What Does a Flashing Green Light BC mean? (British Columbia)
Everyone knows that red means stop, green means go and yellow means stop as long as you safely can. The flashing green light BC, seen around beautiful British Columbia simply indicates the intersection is pedestrian-controlled. In other words, it will flash green all day long, and drivers may proceed just like any other green light, until a pedestrian wants to cross. Then, things get weird.
These are not a lot of people’s favourite type of intersection because they confuse people. When the light goes red, the cross traffic is commonly facing only a stop sign.
So, two directions are facing a stop sign, and the other two directions are facing a red light, and pedestrians are given priority; at least in theory.
I honestly think this is the silliest – and also the most unsafe – design concept for an intersection ever. I wish they weren’t a thing, but they are.
Flashing Green Lights – Other Provinces in Canada
Just to confuse everyone, different provinces in Canada may or may not be the same as beautiful British Columbia in terms of the meaning of the flashing green traffic light. We here in Canada like to always keep local and visiting drivers on their toes. Yes, that’s it.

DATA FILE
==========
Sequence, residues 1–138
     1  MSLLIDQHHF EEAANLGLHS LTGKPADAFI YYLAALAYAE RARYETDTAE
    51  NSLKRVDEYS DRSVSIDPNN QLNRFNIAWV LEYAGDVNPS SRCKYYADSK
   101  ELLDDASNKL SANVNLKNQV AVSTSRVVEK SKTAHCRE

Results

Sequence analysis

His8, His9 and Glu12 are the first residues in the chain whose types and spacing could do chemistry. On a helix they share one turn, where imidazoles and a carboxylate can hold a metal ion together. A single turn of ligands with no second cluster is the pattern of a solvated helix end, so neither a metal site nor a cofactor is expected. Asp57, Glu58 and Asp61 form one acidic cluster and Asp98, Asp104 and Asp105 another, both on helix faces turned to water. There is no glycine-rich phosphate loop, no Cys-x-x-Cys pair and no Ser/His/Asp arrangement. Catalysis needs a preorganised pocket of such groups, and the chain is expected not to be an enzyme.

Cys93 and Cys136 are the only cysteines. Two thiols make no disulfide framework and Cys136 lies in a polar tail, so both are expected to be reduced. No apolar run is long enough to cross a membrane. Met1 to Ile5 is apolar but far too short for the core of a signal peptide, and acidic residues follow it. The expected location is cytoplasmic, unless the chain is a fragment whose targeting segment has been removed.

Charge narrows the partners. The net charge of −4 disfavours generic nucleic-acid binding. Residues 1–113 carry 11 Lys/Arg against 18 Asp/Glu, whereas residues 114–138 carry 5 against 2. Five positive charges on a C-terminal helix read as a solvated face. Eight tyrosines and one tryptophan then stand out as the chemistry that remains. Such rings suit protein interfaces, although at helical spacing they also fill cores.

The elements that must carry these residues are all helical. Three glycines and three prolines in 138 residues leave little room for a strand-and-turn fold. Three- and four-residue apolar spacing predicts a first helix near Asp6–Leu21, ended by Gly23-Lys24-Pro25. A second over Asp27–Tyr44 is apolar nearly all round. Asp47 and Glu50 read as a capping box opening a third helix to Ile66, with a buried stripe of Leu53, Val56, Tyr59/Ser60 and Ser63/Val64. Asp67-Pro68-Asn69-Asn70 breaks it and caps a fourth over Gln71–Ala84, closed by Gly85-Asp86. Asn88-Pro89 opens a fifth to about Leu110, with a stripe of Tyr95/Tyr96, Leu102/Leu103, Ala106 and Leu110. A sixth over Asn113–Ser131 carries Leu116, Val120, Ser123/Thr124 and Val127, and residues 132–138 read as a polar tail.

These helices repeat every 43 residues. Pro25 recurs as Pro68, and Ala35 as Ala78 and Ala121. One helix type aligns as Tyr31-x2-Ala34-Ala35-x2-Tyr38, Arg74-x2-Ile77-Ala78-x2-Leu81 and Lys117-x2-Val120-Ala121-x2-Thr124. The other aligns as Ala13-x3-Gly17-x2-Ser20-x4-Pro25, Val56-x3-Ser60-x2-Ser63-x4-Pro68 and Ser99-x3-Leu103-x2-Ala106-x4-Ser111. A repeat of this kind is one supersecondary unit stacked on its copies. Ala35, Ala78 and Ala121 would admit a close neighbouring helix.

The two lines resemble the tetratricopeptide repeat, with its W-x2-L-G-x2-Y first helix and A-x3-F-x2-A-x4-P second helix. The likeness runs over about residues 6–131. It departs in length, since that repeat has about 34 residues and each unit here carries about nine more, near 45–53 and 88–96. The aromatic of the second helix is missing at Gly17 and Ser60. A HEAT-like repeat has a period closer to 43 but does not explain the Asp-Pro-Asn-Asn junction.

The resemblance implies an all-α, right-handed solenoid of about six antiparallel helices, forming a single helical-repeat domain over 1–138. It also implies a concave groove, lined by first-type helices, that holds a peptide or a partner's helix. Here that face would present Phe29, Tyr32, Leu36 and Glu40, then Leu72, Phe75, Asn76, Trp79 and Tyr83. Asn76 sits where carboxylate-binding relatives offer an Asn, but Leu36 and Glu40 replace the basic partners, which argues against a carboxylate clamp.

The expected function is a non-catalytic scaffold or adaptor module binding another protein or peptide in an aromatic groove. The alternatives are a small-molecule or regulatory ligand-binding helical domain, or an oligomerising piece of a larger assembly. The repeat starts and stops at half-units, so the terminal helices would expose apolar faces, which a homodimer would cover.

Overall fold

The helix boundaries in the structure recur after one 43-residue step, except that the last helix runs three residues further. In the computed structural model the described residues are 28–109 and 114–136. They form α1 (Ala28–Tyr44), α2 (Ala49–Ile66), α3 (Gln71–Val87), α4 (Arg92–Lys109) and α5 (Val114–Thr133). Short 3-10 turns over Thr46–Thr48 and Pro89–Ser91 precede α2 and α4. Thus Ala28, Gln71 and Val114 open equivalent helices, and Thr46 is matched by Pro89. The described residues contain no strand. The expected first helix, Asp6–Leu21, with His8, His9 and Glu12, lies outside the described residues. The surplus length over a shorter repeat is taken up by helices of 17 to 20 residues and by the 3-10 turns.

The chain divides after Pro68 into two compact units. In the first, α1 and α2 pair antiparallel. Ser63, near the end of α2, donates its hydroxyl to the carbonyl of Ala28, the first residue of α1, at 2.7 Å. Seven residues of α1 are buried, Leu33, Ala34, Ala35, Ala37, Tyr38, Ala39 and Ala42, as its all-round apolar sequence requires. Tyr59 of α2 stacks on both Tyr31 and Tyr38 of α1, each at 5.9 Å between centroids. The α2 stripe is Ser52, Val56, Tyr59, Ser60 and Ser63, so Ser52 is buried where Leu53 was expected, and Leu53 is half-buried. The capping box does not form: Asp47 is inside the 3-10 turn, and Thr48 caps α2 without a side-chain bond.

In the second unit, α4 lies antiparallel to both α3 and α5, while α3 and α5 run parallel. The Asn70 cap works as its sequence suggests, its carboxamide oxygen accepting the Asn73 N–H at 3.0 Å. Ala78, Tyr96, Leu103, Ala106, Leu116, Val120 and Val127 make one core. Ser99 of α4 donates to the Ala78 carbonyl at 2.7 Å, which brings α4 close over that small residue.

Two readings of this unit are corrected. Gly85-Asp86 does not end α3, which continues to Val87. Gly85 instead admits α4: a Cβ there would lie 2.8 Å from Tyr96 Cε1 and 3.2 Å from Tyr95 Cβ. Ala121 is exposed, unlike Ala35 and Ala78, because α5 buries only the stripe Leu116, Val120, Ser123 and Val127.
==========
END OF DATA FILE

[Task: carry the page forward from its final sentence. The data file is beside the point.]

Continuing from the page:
Flashing Green Light in Alberta
Drivers facing a flashing green traffic control light are permitted to go through, turn left or turn right without stopping. Opposing traffic will be facing a red light; however a driver must still yield to pedestrians or other vehicles lawfully in the intersection.Alberta
Flashing Green Lights in Saskatchewan, Manitoba
- Flashing Green Light Saskatchewan, Manitoba – I was unable to find anything, so maybe they do not participate in this sort of nonsense there
Flashing Green Light Quebec
In Québec, a flashing green traffic light means that no cross-traffic can go, even the traffic on the same road coming from the other direction has a red light. This means that (if allowed) you can make a left turn without having to yield (except possibly to pedestrians in the cross street).Stack Exchange
Ontario Flashing Green Lights
Flashing green lights and green arrows direct drivers who are turning.Ontario
Right of Way Question at Flashing Green Light BC Intersection
Scenerio: North and South have normal intersection traffic lights. East and West (this situation side street) have a stop sign. Does East West traffic not have an obligation to still stop at a stop sign before proceeding or does East West traffic now have the right to not stop to beat the light before North & South traffic proceed on the green light?
Right of Way Answer – Flashing Green Light BC Intersection
The short answer is no, no one has the right not to stop at a stop sign. Stop means stop. In real life, drivers sometimes recognize this intersection as an opportunity to ‘gun it’ while the light is red and may or may not stop, or even pretend to stop. Any car that does not stop at a stop sign is technically in violation of the law.